stent to its future pipeline of products.
Another example is in the area of blood-glucose monitoring.
Several major diagnostics manufacturers compete in this large category of home
diabetes testing/monitoring. In this case, again a corporate brand and master
brand name has been critical in not only branding a product line, but to keep
the master brand strong despite a short-term product setback. In 1999, LifeScan
weathered a federal investigation of one of the blood glucose monitoring
devices. The accuracy and reliability of one of the products was challenged.
Many factors including the company's handling of the issue, the continued
explosive category growth and LifeScan's continued presence and master brand
strength contributed to the company's resilience and moving forward through
2. Exploring new channels
Investments in branding are not just focused on traditional
medical advertising. We all understand an investment in branding that comes in
the form of a traditional print advertisement in a professional journal; a
convention booth; a face-to-face sales call in a healthcare practitioner's
office using a printed sales aid. But, to be sure, there are other less
traditional, but also very effective, expressions of investments in building a
There are many companies that manufacture and sell surgical
instruments, including those specifically designed for endoscopic surgery. To
help build its brand, the Ethicon Endo Surgery division of Johnson &
Johnson has established a surgical training institute, adjacent to its
headquarters in Cincinnati, OH, called the Ethicon Endo Surgery Institute. When
surgeons are invited to the institute to view and participate in a procedure,
the impression that is established is a strong brand connection—arguably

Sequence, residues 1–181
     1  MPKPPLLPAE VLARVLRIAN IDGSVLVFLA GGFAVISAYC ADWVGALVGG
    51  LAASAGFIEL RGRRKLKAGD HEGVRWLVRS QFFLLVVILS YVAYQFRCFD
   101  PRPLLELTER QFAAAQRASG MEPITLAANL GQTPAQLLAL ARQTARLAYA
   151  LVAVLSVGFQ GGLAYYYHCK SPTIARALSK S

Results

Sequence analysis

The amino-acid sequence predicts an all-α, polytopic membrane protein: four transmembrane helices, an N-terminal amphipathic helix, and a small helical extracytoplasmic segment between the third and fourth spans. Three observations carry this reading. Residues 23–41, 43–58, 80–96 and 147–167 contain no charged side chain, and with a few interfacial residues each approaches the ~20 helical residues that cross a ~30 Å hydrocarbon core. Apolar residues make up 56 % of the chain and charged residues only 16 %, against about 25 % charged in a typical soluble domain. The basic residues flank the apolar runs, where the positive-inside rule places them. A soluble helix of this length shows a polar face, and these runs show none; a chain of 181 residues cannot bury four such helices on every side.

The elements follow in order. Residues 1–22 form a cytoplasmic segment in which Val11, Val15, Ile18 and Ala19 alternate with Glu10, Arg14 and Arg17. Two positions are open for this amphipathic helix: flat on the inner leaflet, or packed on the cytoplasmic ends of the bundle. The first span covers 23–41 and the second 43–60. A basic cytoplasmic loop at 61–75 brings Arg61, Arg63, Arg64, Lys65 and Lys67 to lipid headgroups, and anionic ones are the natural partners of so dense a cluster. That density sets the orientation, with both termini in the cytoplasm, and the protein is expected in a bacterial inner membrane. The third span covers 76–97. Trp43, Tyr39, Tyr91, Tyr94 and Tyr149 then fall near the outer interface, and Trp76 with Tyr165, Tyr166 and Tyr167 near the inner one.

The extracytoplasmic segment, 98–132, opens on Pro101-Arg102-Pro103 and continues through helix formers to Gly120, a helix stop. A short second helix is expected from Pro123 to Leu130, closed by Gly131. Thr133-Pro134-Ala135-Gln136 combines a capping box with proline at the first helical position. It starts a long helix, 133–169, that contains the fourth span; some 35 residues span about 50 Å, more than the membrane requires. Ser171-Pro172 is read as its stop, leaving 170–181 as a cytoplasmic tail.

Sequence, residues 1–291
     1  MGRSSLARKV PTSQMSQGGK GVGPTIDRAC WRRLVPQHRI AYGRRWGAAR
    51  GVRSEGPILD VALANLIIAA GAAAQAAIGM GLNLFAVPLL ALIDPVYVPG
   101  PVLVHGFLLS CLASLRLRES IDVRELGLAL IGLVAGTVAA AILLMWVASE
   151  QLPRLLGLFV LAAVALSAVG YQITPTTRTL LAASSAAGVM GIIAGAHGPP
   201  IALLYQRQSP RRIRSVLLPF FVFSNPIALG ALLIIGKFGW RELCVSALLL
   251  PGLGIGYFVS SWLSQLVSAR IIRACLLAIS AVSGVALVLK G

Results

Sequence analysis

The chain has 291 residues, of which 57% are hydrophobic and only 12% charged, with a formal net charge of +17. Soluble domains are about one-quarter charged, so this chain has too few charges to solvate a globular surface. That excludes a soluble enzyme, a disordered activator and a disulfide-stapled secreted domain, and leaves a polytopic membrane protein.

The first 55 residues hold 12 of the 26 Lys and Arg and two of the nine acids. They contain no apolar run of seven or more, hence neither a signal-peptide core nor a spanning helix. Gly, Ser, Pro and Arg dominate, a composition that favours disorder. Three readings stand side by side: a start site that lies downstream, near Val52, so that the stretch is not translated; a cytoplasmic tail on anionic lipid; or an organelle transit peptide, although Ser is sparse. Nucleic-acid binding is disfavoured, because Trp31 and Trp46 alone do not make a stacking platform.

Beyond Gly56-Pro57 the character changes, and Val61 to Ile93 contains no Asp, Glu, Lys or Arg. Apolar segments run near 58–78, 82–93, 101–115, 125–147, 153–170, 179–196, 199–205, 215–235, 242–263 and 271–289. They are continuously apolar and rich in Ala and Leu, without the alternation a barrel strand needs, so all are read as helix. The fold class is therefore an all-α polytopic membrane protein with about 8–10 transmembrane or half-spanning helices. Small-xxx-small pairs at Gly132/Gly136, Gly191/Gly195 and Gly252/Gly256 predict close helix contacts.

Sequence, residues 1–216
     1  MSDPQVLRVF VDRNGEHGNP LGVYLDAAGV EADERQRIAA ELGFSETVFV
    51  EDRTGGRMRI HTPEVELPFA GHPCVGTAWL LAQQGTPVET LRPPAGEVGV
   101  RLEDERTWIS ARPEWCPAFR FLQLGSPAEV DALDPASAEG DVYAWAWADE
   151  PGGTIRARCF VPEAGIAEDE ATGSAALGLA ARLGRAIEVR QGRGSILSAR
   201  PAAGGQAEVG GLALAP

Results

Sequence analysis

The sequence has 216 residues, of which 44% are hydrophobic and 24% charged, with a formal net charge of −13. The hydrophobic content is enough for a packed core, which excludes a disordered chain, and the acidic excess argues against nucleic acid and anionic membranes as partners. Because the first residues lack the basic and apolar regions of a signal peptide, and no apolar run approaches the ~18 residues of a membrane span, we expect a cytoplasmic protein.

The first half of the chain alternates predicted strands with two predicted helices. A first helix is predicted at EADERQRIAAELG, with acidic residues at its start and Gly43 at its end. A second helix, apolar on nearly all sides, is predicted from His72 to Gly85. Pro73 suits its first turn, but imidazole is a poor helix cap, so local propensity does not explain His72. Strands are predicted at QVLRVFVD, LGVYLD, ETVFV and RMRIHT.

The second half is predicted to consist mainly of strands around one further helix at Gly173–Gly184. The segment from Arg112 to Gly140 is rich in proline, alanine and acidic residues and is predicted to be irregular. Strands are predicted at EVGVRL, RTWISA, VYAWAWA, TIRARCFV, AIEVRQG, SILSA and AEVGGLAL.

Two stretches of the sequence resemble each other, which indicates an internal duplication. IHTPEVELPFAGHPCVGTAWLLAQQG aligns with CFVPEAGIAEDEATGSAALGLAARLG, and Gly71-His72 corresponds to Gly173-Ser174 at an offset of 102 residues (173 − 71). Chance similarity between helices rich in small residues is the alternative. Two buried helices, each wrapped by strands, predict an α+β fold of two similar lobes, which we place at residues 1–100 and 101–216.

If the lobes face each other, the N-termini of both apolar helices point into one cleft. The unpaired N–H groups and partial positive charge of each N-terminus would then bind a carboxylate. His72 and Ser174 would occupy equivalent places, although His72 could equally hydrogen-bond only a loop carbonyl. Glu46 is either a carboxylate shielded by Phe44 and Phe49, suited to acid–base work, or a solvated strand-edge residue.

stronger and more important than one made by the individual product names, such
as the Harmonic Scalpel. Such investment in somewhat non-traditional branding
will become an important factor as surgeons make recommendations to their
procurement and hospital administrations.
3. A consistent message
Investments in branding take consistency. It's not enough to
simply create an advertising campaign. Branding runs deeper than
advertising—although that's a part of it—but includes a precise combination of
the brand messages; colors; personality across ALL media; advertising; trade
convention booths; sales materials; interactive/web space. And although a
product manager may change, these elements of the brand should be guarded and
changes should be weighed very carefully.
Another factor to consider is that sales representatives are
an expression of the brand. For example, a high-tech manufacturer of devices or
diagnostics might consider implementing tablet PC based sales materials versus
paper sales aids. Not only would this improve the functional effectiveness of
the sales organization, but would help brand the company in a way that would be
consistent with its technology-driven image. Branding is, indeed, everywhere.
And, most importantly, creating a brand takes time and consistency.
David Paragamian is a partner, worldwide executive committee
member of Euro RSCG Life and president of Euro RSCG Life LM&P, part of the
global Havas network